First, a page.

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January 31, 2014

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(Forest guards arrive in Kenya's Embobut Forest in preparation for the evictions. © FPP)

Last year the Government of Kenya was getting “ready” for REDD in the Embobut Forest, now it is violently evicting the Sengwer People and forcing them “into extinction.” According to Survival International, “as many as a thousand homes have already been torched.”[i] 

Sengwer spokesman Yator Kiptum denounced the “disaster” caused by combined force of the Kenya Forest Service and Administration Police, a paramilitary unit of the police, which is now evicting the Sengwer not just from the Embobut Forest but from the entirety of the Cherangany Hills, destroying property and burning homes. “The government of Kenya is forcing us into extinction," he said.[ii]

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Wrongly justified by conservation, thousands of indigenous people in Western Kenya are threatened with their homes being burnt and their communities evicted from their ancestral forestlands.
Thousands of indigenous Sengwer/ Cherangany people in Embobut Forest, Kenya, are threatened with eviction from their forest homes by January 2nd 2014.
 
For many years the Government of Kenya has been trying to move the indigenous Sengwer/ Cherangany of Embobut forest off their ancestral land by burning their homes. The Government has done this in the name of a (long since discredited) fortress conservation approach: seeking to remove local people from their lands, rather than support them in protecting their forests. Such an eviction is illegal under the Kenyan constitution, and under the international treaties signed by Kenya.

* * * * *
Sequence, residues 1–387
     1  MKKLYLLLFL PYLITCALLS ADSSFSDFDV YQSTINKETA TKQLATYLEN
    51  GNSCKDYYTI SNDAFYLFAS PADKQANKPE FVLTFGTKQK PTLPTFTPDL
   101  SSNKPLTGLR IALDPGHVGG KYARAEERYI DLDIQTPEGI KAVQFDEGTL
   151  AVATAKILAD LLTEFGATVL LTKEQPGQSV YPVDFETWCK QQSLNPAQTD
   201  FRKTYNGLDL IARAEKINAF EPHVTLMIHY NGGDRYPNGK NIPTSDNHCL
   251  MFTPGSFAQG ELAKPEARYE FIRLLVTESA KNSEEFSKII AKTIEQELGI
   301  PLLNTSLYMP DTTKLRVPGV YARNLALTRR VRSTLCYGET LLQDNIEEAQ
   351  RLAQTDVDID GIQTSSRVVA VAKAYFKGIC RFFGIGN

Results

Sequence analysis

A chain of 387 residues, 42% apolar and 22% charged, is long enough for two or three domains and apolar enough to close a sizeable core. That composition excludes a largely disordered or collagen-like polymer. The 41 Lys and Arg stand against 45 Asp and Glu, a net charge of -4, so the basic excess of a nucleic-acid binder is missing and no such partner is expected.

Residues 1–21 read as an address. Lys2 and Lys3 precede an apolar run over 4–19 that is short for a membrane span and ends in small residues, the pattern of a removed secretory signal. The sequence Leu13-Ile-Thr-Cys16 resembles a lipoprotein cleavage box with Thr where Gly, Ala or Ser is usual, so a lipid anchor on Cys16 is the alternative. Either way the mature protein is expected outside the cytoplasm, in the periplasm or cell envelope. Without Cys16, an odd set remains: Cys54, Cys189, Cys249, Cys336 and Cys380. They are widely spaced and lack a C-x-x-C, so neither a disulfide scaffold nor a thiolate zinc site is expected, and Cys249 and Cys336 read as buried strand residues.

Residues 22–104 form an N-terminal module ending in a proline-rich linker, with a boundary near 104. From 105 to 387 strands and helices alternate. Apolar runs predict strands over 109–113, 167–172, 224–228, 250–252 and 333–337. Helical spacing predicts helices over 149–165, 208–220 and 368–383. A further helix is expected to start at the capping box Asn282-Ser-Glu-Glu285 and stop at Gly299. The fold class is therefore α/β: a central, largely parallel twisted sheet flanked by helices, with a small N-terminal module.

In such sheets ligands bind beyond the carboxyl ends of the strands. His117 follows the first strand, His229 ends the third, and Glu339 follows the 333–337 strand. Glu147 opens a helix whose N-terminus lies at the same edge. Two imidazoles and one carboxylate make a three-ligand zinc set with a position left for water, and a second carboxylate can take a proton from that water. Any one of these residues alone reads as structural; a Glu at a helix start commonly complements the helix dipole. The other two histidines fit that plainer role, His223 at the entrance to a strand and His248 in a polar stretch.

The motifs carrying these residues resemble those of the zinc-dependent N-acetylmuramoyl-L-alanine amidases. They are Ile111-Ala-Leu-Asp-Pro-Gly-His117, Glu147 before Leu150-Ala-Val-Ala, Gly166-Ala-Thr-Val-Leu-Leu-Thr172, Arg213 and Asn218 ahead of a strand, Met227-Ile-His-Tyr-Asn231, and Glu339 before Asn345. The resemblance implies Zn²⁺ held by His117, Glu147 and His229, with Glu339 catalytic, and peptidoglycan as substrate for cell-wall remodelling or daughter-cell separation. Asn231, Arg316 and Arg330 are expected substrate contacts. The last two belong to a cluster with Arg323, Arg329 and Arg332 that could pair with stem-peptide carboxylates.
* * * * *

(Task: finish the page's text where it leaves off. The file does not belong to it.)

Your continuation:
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Representatives of Forest Peoples Programme are in Rio for the Rio +20 meeting. FPP put out a press release highlighting Indigenous Peoples’ concerns about the negotiations.

The press release features comments from Indigenous People in Guyana, Kenya, Peru and Panama. They raise several concerns that are relevant to REDD. In Guyana, indigenous peoples have not been properly consulted and their land rights are weakly protected. In Kenya, the government plans to sell indigenous land for plantations and REDD projects. In Peru, mega projects threaten to open up forests, threatening indigenous peoples including those in voluntary isolation. This is happening despite the fact that most governments have signed up to human rights agreements, environmental treaties and the UN Declaration on the Rights of Indigenous Peoples. “We are here in Rio once again to demand that States fulfil their obligations and commitments,” says Onel Masardule of the Kuna people in Panama.

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In November 2011, African Wildlife Foundation and The Nature Conservancy gave an area of land covering 6,920 hectares to the Kenyan government to create the proposed Laikipia National Park. What African Wildlife Foundation doesn’t tell us in its press release is that people were violently evicted to make way for this conservation project.

A Channel 4 Documentary broadcast in June 2011 documents the violence behind the creation of this national park. AWF and TNC paid US$2 million each to buy the land from Kenya’s former president Daniel arap Moi. The Samburu indigenous people, who lived in the area, have been subjected to a series of brutal evictions.

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